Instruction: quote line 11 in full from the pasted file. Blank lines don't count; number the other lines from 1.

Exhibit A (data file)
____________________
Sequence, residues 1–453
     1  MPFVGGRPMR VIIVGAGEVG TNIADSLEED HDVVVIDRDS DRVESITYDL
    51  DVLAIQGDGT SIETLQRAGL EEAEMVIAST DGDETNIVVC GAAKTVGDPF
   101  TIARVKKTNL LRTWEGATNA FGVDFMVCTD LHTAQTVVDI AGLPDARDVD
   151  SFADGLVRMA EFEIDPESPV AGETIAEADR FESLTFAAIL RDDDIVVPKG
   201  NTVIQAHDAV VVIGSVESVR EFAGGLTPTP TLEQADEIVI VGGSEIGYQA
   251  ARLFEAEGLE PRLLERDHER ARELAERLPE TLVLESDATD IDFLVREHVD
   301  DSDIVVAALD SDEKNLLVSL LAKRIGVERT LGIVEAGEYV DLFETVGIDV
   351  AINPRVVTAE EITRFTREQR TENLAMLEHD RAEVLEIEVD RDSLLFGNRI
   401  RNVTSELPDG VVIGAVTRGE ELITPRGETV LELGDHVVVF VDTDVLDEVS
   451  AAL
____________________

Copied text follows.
   451  AAL